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The three-story building, inspired by traditional Vietnamese architecture and the surrounding ecology, is located next to Thu Bon river in Vietnam’s Quang Nam Province. With the natural light changing the atmosphere of the interior spaces during the day, the building aims to mimic the constant flow of the adjacent river. The perforated facade provides an optimal level of privacy for the artist, while bringing natural elements indoors to retain a strong connection with the outdoors. Related: Passively-cooled Termitary House in Vietnam is wrapped in perforated brick walls The three-story wooden frame creates smaller spaces that act as shelves for the finished terracotta works, a hallway and stairs. Visitors can observe the artist at work from different points in the interior, including the mezzanine level that offers a clear view of the round void at the center. + Tropical Space Via Archdaily Photos by Hiroyuki Oki

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A pottery studio in Vietnam sheltered by a perforated cube of clay bricks

Flanagan Lawrence Architects transform a crumbling 1923 building into a four-star London hotel

March 11, 2015 by  
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Read the rest of Flanagan Lawrence Architects transform a crumbling 1923 building into a four-star London hotel Permalink | Add to del.icio.us | digg Post tags: “energy efficiency” , Art Deco , brick facade , Flanagan Lawrence Architects , green renovation , hotel design , London , london architecture , UK architects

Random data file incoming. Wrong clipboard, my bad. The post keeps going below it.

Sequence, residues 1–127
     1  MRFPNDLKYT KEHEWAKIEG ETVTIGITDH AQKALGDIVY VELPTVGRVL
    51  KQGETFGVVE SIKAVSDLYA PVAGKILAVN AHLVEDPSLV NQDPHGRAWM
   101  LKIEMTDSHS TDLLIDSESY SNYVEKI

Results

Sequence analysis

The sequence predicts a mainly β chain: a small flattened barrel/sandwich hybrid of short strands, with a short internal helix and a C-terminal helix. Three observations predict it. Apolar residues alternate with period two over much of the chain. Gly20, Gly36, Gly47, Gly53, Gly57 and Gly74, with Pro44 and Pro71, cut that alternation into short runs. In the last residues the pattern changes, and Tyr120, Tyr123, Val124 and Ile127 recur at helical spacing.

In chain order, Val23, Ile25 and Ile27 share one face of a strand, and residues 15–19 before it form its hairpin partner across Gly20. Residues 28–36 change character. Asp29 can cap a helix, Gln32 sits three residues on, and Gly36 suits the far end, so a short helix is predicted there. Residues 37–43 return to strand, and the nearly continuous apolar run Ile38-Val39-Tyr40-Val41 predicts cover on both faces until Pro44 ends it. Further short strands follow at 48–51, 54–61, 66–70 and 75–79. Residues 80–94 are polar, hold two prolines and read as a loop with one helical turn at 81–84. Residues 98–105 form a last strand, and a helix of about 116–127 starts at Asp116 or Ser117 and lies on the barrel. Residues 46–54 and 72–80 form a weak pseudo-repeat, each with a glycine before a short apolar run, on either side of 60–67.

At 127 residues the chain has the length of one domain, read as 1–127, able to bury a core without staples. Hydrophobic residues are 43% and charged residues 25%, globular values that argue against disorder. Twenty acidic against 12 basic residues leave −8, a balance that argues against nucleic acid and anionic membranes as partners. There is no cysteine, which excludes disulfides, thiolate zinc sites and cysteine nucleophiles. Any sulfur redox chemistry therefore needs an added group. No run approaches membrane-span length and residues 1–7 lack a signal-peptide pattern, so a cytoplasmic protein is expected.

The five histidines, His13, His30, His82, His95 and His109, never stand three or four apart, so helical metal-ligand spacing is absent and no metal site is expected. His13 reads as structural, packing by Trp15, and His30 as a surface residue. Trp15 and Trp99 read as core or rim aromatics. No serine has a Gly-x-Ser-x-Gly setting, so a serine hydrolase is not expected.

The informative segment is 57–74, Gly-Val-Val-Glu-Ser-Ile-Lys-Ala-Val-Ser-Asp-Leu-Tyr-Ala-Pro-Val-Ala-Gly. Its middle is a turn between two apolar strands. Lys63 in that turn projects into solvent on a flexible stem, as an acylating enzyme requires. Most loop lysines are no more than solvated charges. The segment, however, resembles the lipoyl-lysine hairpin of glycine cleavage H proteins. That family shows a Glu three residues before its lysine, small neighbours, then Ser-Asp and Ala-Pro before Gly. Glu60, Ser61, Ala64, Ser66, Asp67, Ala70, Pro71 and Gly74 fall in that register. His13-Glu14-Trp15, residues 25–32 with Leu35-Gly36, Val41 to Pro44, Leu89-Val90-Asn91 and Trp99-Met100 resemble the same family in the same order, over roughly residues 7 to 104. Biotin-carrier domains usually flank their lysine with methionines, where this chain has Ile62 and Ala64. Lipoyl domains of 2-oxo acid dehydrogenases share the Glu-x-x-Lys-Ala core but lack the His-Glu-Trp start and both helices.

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Flanagan Lawrence Architects transform a crumbling 1923 building into a four-star London hotel

Artist Alex Chinneck’s Mind-bending Building Facade Slides to the Ground

November 27, 2013 by  
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London-based artist Alex Chinneck creates spectacles that combine illusion , humor, and design. In his work entitled “ From the knees of my nose to the belly of my toes “ he fabricated a facade that appears to be sliding off an apartment building! The work explores themes of urban decay, and it’s certainly a head-turning addition to an otherwise ordinary street. Read the rest of Artist Alex Chinneck’s Mind-bending Building Facade Slides to the Ground Permalink | Add to del.icio.us | digg Post tags: alex chinneck , brick facade , cliftonville , dezeen , from the knees of my toes to the belly of my toes , Kent , London , margate , melting exterior , optical illusion , sliding brick wall , UK , urban decay        

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Artist Alex Chinneck’s Mind-bending Building Facade Slides to the Ground